More companies are embracing influencer marketing, and those already in the act are increasing their budgets and employing the strategy more frequently.
According to the State of Influencer Marketing report from Linqia.39% of marketers with a digital marketing budget above $500,000 plan to increase their influencer marketing budget this year. In addition, influencer marketing is transitioning from a once or twice a year tactic to a strategy used throughout the year – often to an “always on” influencer strategy.
However, influencer marketing faces several obstacles:
It can be expensive. Kim Kardashian charges $300,000 to $500,00 for a single sponsored Instagram post. While few brands pay such prices, other mega-influencers aren’t inexpensive.
It’s difficult to scale. Advertisers can buy more influencer mentions or add influencers to scale up – but that’s not easy. Influencer marketing is more labor intensive and more difficult to automate, although many platforms are trying.
Marketers and influencers can commit mistakes. “Trying to scale influencer marketing sometimes leads marketers to take shortcuts, like going after celebs with millions of followers but no affinity for the brand or scruples about divulging their endorsements,” points out CMO contributing writer Todd Wasserman. Influencers can also make mistakes themselves. Scott Disick, an influencer by virtue of his Kardashian connections, accidentally included his Instagram advertising directions from Skinny Tea with his post.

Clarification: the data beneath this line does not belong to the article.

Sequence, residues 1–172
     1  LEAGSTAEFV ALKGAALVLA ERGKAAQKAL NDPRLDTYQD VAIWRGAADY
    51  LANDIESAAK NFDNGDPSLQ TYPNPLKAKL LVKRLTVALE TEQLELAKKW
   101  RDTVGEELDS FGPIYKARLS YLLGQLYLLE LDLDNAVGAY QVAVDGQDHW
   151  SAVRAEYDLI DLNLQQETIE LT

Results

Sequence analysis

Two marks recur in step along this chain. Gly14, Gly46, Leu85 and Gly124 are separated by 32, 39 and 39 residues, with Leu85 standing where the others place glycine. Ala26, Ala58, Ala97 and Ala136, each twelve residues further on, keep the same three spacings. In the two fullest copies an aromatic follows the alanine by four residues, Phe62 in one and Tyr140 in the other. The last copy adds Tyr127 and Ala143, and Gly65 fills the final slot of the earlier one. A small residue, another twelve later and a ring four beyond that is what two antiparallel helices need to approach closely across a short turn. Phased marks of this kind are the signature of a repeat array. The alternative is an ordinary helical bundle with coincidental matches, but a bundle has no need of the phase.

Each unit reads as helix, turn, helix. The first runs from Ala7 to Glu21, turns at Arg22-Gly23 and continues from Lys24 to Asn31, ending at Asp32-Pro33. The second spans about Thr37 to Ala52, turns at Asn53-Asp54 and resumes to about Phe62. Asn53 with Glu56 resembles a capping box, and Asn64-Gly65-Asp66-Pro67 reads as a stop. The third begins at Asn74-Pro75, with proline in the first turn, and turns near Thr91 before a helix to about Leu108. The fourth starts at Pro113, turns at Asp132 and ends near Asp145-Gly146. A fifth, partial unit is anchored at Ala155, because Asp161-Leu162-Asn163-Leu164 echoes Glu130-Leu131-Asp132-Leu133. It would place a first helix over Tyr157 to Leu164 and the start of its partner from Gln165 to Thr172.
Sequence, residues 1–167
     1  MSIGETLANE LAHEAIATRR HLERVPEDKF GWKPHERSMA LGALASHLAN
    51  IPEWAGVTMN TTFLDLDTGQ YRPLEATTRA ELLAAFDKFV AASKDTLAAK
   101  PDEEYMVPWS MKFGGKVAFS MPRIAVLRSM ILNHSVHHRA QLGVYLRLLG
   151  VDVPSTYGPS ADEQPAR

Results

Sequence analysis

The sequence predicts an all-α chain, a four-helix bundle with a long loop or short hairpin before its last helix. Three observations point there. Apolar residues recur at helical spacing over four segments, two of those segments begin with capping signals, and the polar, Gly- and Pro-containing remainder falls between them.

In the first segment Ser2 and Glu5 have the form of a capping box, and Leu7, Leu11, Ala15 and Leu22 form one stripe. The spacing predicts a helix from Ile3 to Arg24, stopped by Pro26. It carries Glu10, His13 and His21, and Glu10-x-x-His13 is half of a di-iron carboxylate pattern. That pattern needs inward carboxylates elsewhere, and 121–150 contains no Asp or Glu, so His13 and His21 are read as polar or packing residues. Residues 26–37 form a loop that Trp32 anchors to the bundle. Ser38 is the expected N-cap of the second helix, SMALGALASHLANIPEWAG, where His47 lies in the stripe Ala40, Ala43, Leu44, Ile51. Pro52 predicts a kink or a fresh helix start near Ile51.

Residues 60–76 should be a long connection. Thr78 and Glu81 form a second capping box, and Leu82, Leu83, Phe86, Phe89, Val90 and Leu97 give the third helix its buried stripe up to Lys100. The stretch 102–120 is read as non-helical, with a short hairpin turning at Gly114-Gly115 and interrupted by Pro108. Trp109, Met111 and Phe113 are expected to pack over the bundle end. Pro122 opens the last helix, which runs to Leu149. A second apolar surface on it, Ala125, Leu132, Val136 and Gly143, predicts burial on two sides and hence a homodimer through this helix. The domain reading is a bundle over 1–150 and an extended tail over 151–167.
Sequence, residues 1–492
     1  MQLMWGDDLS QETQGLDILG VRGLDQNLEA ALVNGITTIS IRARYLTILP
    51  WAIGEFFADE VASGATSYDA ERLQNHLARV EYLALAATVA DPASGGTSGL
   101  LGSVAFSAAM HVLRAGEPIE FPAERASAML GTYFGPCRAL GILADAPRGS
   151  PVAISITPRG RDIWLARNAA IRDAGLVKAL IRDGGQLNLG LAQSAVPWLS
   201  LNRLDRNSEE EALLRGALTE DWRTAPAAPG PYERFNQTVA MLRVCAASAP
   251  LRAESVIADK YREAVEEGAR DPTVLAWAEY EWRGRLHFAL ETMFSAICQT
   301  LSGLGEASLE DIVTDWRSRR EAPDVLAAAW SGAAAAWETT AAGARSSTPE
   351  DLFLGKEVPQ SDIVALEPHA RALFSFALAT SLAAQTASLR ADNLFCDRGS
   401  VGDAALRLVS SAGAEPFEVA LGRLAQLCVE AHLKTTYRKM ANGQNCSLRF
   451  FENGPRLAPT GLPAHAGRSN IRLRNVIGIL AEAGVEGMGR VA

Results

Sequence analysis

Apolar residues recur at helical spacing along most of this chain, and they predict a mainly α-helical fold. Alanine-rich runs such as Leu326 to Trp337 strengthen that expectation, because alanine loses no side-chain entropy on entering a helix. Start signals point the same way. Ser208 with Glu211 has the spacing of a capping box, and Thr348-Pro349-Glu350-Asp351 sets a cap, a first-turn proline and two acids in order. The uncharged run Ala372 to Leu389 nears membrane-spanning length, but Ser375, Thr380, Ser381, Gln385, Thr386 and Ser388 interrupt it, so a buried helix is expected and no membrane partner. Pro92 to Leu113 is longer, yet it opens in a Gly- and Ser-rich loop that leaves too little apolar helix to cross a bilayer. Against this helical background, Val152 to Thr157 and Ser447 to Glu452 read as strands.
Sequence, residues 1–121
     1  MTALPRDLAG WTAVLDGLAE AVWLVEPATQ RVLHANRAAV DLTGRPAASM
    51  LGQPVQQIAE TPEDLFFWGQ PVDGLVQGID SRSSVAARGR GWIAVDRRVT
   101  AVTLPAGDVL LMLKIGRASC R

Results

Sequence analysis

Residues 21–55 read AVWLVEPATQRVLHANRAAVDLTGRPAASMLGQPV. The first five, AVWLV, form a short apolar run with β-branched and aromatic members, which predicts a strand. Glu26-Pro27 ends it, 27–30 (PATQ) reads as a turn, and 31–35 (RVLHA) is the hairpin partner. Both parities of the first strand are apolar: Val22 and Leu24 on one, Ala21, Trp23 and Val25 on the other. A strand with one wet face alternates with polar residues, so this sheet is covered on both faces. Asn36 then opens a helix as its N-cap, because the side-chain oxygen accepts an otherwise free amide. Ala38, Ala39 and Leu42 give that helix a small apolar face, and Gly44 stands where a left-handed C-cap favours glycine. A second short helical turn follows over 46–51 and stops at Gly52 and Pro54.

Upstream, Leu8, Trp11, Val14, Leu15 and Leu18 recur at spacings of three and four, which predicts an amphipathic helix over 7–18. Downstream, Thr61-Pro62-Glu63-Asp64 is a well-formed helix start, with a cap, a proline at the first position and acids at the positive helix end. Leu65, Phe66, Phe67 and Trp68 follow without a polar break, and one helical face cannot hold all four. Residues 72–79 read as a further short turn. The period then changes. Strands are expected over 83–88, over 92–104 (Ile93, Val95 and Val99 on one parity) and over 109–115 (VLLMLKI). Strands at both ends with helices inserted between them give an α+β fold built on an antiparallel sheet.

It’s become too popular for its own good. If every celebrity and influencer accepts promotions, consumers may develop an aversion and ignore their endorsements just as they now ignore banner ads.
Measurement poses challenges. Half of the marketers Linqia surveyed say measuring ROI of influencer marketing continues to be the biggest pain point. Many marketers focus on top-of-the-funnel brand awareness, impressions and engagement, while relatively few track the impact on sales. “The question of measurement remains a marketer’s single biggest challenge to increasing influencer investment. Unless brands can make meaningful comparisons between influencer investment and other media, the industry will not move from test-and-learn to a firm line item on a media plan,” said Ian Samuel, chief commercial officer at Buzzoole.
Meaningless numbers proliferate in influencer marketing measurement, says PR measurement expert Katie Paine, CEO of Paine Publishing. Brands routinely brag about earned media value, a bogus metric comparable to advertising equivalency value. Even worse, they confuse earned media value with revenue.
Bots are common. Brands pay more to influencers with large followings, but some – and sometimes many — of those followers are bots. Some “influencers” buy fake followers in order to obtain higher prices for sponsored posts.
They require disclosures. Disclosures, or lack of them, can prompt complaints from the FCC and consumer groups. Having issued warnings, the FCC is increasingly assertive in insisting that influencers reveal if posts are paid for. Brands that fail to include proper disclosures risk FCC fines and reputational damage.
Influencer Marketing Solutions